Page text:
I’ve got Bible study on my mind. I recently travelled, where I reconnected with a Christian who takes a very strict approach to his Bible study. He refuses to mark his Bible, not because he thinks the pages themselves are holy, but in reverence to the words of God. He keeps his physical Bible as clean, crisp, and pure as he can. He treats his Bible like the ideal apartment tenant: you’d never know he was there. I appreciate this respectful and intentional approach, but I use basically the opposite system and here’s why.
- Accountability: a blank Bible is clean and beautiful, but it is easy to hide that I am not reading. Underlining and note-taking is a form of accountability to myself. When I flip to a chapter that’s underlined, I know that I’ve read it. The more notes or arrows or underlines on a page, the more times I’ve read that page. To me, it’s almost a progress report. This is not to say that an underlined Bible necessitates the user’s consistency, but it is not often that an illiterate Christian has a well-annotated Bible.
- Reference: I do not have a good memory when it comes to where verses are. When the lightning rod strikes that I need to find a specific verse, usually when writing a lesson or sending texts, I start frantically flipping through my Bible with the vague and often erroneous sense that the verse I need is on the bottom left hand side right before a paragraph break. With things underlined, I have a much better system for searching. For the most part if I’m trying to find this great verse that happened to be a commandment, I can skim the pages around where I think it was looking for my commandment color, etc. It’s not perfect because often a verse falls in to many categories: i.e. it shows God’s love, God’s power, and I draw comfort from it. In that case it could be any of the three corresponding colors, but that’s still more help to me than searching through a blank page.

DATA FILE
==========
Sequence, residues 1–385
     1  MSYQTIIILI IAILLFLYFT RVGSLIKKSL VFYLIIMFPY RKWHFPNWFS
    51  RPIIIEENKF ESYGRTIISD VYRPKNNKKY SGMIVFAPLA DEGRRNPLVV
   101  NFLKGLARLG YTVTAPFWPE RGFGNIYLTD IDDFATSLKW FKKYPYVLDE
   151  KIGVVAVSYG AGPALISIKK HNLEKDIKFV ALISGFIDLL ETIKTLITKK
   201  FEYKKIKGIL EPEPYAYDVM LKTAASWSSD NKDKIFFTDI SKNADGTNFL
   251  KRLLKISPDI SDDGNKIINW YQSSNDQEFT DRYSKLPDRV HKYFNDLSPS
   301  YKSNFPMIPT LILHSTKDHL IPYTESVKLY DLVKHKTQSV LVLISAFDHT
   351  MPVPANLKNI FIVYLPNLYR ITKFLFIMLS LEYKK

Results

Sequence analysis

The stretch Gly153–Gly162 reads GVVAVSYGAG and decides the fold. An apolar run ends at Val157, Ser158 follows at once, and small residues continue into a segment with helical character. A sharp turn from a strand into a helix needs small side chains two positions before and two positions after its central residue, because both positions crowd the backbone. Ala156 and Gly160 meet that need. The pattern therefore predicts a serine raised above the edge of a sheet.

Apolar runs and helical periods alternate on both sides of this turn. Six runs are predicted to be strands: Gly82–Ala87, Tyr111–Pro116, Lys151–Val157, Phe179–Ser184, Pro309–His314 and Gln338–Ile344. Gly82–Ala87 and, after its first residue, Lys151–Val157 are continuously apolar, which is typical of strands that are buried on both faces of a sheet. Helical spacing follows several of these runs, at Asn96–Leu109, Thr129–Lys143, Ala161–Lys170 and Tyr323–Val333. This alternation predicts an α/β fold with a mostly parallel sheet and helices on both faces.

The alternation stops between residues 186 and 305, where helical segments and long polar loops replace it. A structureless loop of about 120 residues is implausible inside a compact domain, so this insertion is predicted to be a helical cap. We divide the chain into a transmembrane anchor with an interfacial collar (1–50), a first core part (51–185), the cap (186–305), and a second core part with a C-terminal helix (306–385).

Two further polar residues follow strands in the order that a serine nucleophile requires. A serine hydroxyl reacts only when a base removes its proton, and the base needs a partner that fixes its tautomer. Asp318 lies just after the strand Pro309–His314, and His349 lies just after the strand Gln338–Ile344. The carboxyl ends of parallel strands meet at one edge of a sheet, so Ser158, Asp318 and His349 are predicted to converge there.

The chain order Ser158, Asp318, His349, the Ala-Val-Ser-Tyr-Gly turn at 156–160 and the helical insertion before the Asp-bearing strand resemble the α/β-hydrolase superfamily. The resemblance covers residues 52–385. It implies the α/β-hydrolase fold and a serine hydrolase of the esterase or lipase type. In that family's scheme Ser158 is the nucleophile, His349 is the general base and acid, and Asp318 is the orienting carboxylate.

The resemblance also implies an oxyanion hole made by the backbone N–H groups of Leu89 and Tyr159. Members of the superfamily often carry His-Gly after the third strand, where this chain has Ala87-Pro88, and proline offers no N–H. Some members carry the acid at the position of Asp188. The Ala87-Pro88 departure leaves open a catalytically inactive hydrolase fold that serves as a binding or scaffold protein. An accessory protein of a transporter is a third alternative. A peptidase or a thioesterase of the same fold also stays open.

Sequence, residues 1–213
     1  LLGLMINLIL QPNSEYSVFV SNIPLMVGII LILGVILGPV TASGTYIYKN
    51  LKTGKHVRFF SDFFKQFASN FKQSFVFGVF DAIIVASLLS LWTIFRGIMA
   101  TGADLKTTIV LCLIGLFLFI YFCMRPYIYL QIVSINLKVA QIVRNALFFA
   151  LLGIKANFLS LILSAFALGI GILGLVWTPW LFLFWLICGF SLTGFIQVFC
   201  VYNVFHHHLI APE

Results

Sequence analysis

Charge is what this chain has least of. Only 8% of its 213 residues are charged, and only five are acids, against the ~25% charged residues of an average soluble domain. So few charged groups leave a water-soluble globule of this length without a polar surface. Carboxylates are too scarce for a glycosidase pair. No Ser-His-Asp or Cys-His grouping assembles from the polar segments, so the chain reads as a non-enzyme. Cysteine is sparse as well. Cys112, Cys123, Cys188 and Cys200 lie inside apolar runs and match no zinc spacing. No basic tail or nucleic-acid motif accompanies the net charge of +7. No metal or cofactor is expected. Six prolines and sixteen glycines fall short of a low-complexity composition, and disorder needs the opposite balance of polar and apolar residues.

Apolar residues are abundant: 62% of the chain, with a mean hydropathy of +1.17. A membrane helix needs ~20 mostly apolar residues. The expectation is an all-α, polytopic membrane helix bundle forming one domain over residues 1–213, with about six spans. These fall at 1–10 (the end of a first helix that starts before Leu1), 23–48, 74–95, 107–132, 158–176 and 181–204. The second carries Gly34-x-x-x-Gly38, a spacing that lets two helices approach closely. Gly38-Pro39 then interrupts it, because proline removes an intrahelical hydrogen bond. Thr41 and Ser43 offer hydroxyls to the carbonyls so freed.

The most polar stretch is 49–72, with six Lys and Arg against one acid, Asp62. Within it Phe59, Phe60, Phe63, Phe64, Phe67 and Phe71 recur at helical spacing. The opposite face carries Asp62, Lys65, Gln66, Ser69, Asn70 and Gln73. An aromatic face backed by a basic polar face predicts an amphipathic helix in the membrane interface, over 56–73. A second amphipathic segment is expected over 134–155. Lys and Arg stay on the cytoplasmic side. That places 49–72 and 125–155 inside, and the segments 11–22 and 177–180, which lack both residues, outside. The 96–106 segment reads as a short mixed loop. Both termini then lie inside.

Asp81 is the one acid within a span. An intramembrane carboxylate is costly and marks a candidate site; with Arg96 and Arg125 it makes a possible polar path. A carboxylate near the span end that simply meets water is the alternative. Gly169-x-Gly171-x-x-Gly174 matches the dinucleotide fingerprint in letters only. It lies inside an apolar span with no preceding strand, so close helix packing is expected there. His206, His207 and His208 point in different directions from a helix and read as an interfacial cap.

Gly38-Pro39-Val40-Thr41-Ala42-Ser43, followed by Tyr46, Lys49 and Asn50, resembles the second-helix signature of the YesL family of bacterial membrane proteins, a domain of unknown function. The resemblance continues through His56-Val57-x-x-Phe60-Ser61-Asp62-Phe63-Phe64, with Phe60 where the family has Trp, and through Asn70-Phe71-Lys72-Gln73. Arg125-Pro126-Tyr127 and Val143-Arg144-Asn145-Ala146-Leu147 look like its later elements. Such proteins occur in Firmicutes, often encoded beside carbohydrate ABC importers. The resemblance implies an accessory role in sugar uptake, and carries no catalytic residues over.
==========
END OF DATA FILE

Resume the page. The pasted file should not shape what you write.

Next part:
- Themed Research: similarly, if I need comfort, I can skim through a book reading all the verses underlined in my comfort color. If I’m looking for just Old Testament commandments, flip to the Old Testament and look at all the underlined commandments. This can be useful for a lot of different reasons, but especially when trying to put together a though on a specific topic or theme.
- Bird’s Eye View: with things underlined, I can look down at a chapter and get a quick idea of the tone or message of the chapter based on the colors used. I can also pick up on recurring themes that might have slipped past me, just by the colors. (This one is about promises. Do you know the goodness He’s promised you?)
Keep your eye open for a blog post on my underlining system! How do you study? Share in the comments below!